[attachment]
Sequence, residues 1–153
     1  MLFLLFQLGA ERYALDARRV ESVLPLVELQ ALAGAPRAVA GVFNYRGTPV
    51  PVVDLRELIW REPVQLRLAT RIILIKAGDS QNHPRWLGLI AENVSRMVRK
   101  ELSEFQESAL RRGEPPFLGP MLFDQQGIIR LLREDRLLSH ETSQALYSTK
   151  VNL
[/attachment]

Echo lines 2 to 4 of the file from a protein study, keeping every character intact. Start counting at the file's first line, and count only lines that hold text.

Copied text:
     1  MLFLLFQLGA ERYALDARRV ESVLPLVELQ ALAGAPRAVA GVFNYRGTPV
    51  PVVDLRELIW REPVQLRLAT RIILIKAGDS QNHPRWLGLI AENVSRMVRK
   101  ELSEFQESAL RRGEPPFLGP MLFDQQGIIR LLREDRLLSH ETSQALYSTK